"And for all of those that say, if you look at the last thirty years, we have lost power to Brussels, actually it isn't true. In the last, certainly in the last eight years, as we, the Labour government, have been more involved in Europe, so we have become more powerful and more prosperous, better able, literally to implement a patriotic case for the European Union."
BBC Today Programme, 9 February 2005
This week lawyers are confidently forecasting that the European Court of Justice will force the Treasury to repay billions to a group of companies that have claimed the UK corporation tax system breaches the EU law.
As a result, according to Gabriel Rozenberg, writing in The Times business section, this means that the ECJ is set to blow a billion-pound hole in the government's finances.
This is the case brought by Marks & Spencer in an attempt to reclaim £30 million paid in tax, which we reported on in an earlier post, and tax experts believe that an advocate-general of the court will confirm that the law is incompatible with EU treaties.
Behind M&S stand another seventy companies, including BT, InterContinental Hotels, Pilkington and First Choice Holidays, all of which are now pursuing a class-action claim in the High Court on similar grounds to M&S.
The amounts at stake have been kept confidential, but a recent report from Morgan Stanley, the investment bank, suggested BT could make a claim of up to £400 million. BT would confirm only that its claim was larger than M&S’s.
The report added that the biggest beneficiary could be Vodafone, which has not so far registered a claim, but which the report said might be able to make a claim for £2 billion. Sean Finn, tax partner in Lovells, the law firm, said that the total sum the Revenue might be forced to pay could reach £5 billion.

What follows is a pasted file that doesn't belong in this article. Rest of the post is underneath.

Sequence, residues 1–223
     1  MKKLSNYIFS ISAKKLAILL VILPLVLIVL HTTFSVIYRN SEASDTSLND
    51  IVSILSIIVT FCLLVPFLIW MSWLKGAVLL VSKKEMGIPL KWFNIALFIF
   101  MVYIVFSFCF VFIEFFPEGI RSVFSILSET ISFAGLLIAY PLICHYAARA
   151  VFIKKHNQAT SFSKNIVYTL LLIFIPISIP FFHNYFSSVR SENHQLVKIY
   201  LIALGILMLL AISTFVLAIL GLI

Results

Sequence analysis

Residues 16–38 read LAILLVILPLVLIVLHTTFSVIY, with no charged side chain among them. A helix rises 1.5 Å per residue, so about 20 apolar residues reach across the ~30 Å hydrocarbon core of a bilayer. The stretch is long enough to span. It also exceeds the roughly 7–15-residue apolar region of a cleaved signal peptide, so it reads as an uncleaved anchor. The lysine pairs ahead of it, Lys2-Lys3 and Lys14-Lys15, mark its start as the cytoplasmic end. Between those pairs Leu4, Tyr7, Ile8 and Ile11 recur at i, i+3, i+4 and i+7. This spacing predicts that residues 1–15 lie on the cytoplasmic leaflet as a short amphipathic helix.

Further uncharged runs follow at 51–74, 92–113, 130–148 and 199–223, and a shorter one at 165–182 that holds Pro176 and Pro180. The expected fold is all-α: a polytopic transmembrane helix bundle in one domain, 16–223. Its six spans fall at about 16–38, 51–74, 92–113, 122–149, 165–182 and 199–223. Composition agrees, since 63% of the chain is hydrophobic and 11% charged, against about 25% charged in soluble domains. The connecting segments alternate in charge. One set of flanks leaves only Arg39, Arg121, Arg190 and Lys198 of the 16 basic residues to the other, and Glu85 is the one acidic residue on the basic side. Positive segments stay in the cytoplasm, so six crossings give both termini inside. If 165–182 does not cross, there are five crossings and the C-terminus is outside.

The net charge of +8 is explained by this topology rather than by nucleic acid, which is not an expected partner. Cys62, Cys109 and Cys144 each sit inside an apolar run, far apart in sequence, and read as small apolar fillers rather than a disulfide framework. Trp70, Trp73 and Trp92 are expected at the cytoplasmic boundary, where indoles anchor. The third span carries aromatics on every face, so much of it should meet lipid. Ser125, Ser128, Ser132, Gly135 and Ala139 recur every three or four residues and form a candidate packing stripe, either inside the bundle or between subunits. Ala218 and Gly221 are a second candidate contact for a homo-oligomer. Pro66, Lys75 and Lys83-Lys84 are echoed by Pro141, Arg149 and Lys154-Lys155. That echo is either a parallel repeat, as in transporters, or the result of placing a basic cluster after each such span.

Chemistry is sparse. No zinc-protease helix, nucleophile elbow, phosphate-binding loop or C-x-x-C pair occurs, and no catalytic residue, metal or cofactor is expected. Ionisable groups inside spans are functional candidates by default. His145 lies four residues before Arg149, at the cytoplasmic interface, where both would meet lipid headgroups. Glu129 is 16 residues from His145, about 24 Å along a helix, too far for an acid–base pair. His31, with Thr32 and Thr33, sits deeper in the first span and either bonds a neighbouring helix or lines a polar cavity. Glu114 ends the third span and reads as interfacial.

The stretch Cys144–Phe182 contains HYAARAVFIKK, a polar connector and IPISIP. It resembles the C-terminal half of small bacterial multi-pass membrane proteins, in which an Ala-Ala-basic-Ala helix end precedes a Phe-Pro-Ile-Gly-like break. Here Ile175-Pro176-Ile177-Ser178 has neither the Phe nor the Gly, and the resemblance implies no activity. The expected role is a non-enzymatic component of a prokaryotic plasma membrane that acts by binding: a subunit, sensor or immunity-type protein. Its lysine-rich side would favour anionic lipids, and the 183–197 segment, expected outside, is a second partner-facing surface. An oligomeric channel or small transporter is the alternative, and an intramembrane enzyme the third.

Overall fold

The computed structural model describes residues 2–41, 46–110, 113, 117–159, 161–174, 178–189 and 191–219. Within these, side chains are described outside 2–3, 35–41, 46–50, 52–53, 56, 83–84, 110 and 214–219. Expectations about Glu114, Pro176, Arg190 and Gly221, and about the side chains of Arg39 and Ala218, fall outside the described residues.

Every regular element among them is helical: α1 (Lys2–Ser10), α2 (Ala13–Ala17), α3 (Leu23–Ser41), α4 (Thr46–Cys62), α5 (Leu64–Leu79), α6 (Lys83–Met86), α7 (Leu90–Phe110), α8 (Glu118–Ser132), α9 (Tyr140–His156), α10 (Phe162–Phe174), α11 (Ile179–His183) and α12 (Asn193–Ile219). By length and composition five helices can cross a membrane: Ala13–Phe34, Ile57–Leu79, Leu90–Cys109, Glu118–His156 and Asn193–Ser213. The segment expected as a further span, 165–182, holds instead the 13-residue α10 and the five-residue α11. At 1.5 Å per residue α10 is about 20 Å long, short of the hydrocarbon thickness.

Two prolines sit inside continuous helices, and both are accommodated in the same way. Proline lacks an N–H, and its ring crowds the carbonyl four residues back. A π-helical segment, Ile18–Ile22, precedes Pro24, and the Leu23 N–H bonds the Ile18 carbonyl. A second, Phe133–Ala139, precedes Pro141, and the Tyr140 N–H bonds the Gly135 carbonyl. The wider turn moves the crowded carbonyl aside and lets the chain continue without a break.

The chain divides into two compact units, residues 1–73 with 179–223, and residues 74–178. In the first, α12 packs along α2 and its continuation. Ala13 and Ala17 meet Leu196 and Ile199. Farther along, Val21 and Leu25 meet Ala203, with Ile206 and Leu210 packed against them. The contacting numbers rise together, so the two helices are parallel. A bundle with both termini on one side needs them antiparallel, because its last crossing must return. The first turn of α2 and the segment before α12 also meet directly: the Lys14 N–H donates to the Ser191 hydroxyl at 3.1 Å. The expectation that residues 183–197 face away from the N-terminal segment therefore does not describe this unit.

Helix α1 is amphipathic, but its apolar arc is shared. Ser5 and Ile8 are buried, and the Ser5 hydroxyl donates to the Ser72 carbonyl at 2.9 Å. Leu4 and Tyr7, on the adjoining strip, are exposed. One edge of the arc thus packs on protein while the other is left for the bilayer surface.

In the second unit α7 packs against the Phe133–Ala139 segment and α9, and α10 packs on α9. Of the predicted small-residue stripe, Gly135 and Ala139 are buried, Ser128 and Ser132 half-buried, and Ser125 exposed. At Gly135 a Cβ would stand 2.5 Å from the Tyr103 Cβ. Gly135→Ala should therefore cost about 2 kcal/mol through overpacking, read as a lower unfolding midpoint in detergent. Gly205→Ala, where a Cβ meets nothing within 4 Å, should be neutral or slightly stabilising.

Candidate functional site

So there you have the equivalent of nearly 3p on income tax, wiped out by the EU, a body that successive ranks of politicians, those faceless, grey apologists for the "project", those ghastly, self-serving ranks of MEPs and all the other dregs which pollute this earth, have constantly assured us has absolutely no power over our tax system.
In fact, as we have reported before, we are looking at the slow death of fiscal sovereignty, and there is precious little anyone can do about it as long as we remain members of the EU.
Thus, in the week that the general election is to be kicked off, you can bet your sweet life that none of the main parties is going to be too keen to flag this one. And what is the betting that the BBC does not even report it?
Come to think of it, why is it being reported only in the business section of The Times? Hey folks, £5 billion is a hell of a lot of money – a massive amount of money, a truly gigantic slug of money, an amount of money that it is almost impossible to visualise and no single mortal could conceive of spending.
This, dear readers, should be on the front page of every newspaper and lead item on all the news broadcasts, with the hacks telling us that, this week, the EU is going to take action which, in the fullness of time, will cost us £5 billion.
Of course, this won't happen. That would make it too difficult for Mr Jack-the-lad Straw and his odious claque who keep telling us how much more powerful we have become since the Labour government became more involved in Europe.